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Peak forces of round and rectangular solenoids

  1. Jan 9, 2012 #1
    I am doing some research involving solenoids of varying aspect ratios, and I'm looking for some equations I can use to back it up. I have three different solenoids of the equal n (where n=N/L), with different shapes and different cores/plungers, and I am comparing their forces by testing them with the same current through the wire. Ideally the aspect ratio of the plungers would be my only variable, but there are other variables that I would like to compensate for by using equations.

    First, as I understand it, the flux density in a round solenoid is basically
    B = μnI.
    One of my solenoids (square plunger) is about 9300 turns/m with plunger area 1E-4 m[itex]^{2}[/itex] running 1.5A. I'm using a mild steel core with a rough estimate of μ[itex]_{r}[/itex]=50. By the above equation, the field from my solenoids is predicted about 0.88 T. Does that sound logical?

    Also I have found a force equation that I don't know whether to believe:
    F = B[itex]^{2}[/itex]A/(2μ[itex]_{0}[/itex])
    (the force exerted on the solenoid plunger). Does anyone have a correction for this? This equation is predicting ~28 N and I'm getting ~0.35 N from that particular solenoid. Having an accurate force equation would be a huge help.

    I tested my solenoids on an Instron tester machine. The peak forces for the highest-aspect-ratio solenoid were highest, followed by my medium-aspect-ratio solenoid, and then the one with the square plunger was the least. I'm pretty sure this is because the higher-aspect-ratio solenoids have a larger length of wire per coil. So I think the field for these rectangular-core solenoids might be:
    B = μnI + (2)μ[itex]_{0}[/itex]I/(2πr)
    where the latter term is the field about a straight length of wire, and each wrap of the coil has two lengths (one above and one below the plunger).
    Then, for the force of the rectangular-core solenoids, I would add the term NILB to the regular force equation. Does that seem right?

    Thanks for the help; sorry for the long post.
     
  2. jcsd
  3. Jan 9, 2012 #2
    you say equal n, n = N/L, is this turn density? (N turns / L length)
    The magnetic field in a solenoid depends directly on N, and not so much on L

    What exactly do you mean by aspect ratio? n?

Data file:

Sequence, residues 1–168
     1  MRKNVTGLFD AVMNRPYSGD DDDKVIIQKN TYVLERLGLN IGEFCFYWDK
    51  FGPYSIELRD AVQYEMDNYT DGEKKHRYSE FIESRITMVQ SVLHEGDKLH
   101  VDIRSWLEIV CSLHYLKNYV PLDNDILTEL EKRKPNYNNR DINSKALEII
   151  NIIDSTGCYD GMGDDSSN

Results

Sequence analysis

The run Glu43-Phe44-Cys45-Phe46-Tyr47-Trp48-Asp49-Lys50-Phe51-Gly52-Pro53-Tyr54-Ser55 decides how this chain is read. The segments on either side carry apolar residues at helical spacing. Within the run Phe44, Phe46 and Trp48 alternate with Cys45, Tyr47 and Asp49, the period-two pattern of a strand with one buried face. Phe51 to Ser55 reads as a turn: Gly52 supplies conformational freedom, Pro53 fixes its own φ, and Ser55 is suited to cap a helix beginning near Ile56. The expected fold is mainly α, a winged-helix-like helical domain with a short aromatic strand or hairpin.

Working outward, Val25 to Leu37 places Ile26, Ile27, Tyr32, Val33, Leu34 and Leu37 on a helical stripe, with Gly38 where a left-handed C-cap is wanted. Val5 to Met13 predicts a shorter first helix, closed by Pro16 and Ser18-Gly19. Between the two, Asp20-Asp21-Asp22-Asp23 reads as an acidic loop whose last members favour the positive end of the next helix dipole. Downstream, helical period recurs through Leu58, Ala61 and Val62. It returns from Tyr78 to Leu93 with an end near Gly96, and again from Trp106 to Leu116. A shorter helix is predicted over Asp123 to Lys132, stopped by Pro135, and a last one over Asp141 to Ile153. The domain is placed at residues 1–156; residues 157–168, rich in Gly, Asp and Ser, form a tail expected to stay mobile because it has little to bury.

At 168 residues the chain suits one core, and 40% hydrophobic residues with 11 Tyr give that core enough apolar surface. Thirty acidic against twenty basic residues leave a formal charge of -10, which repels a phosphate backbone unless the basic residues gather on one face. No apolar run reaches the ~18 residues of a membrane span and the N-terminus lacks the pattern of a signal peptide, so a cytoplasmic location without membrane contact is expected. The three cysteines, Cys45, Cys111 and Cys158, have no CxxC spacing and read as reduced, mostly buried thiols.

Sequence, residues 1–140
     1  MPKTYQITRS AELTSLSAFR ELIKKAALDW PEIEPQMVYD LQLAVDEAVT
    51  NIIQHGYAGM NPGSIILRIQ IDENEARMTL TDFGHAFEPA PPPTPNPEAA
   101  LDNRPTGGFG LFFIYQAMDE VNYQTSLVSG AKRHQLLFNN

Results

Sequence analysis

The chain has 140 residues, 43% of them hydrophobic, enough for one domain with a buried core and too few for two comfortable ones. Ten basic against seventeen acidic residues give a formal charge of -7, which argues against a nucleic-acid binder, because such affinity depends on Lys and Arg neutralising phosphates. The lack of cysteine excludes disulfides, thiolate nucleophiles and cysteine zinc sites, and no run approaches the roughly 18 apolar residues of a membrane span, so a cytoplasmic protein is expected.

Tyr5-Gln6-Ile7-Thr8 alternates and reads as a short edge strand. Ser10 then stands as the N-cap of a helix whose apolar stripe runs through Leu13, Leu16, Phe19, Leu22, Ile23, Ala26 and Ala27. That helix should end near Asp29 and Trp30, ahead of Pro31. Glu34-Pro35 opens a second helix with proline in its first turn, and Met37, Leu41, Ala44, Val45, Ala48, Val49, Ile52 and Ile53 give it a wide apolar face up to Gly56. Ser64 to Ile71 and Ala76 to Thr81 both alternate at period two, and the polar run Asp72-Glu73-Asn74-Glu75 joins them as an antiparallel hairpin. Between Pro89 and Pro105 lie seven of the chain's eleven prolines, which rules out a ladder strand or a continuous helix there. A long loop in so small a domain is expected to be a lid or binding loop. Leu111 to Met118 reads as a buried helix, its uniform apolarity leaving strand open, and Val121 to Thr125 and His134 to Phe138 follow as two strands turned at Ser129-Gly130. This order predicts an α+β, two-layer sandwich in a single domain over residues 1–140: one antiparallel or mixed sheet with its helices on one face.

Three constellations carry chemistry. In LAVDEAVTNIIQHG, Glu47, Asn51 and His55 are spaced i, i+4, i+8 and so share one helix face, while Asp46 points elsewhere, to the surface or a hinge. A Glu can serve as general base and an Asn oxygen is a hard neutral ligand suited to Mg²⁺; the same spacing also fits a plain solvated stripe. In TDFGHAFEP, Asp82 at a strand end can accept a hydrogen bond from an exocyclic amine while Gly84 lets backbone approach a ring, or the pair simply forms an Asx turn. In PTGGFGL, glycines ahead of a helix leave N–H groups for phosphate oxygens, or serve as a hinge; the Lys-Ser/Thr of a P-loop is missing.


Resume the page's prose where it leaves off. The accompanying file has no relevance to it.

I haven't done much in applied magnetics, but I know you can use Biot-Savart law to calculate the magnetic field, B, at a point, due to a wire's configuration. It involves a line integral around the coil's cross section, and you can multiply that by N turns.

    the flux is [itex]\Phi[/itex]=BA or ∫B[itex]\bullet[/itex]dA more precisely (B and dA vectors)

    But, have you considered finding the current needed in each coil to produce a particular force?
    it might help the experiment by avoiding some nonlinear effects from your secondary magnet - like hysteresis
    Plus if the forces are equal, you automatically know that the flux from each coil must be equal. So you can just compare currents to find the most efficient configuration.
     
  4. Jan 10, 2012 #3
    Yeah I am referring to turns per length.
    By aspect ratio I am referring to the cross section of the solenoid, when looking at it from the end. A traditional solenoid is a circle but I have rectangles.

    What is the secondary magnet you refer to? With the equations I have, I could indeed back-calculate from a given force to find a current, but that doesn't solve any of my problems, and I know that the equations do not hold for the different shapes of solenoids.

    The forces are quite unequal, so the flux seems likewise (because the cross-sectional area of the cores, as well as n, are about the same).
     
  5. Jan 13, 2012 #4
    I don't believe turn density is a big factor. I know that in basic physics the B field only depended on the number of turns, not the overall length. so you should be aware of that possibility in any equations with n.

    the plunger is your secondary magnet - the force is applied on it. If its another coil with a current running through it, it will act just like a magnet. - secondary coil then.

    And yes, if the forces are unequal, the flux will also be unequal. That is why if the forces are the same, the flux' are equal in the region of the plunger. Then you just have to record the current to get your Force vs current data. You can find a best fit curve and then compare it to whatever model you've got so far.

    maybe post pictures of the solenoids? might help make it clearer for me
     
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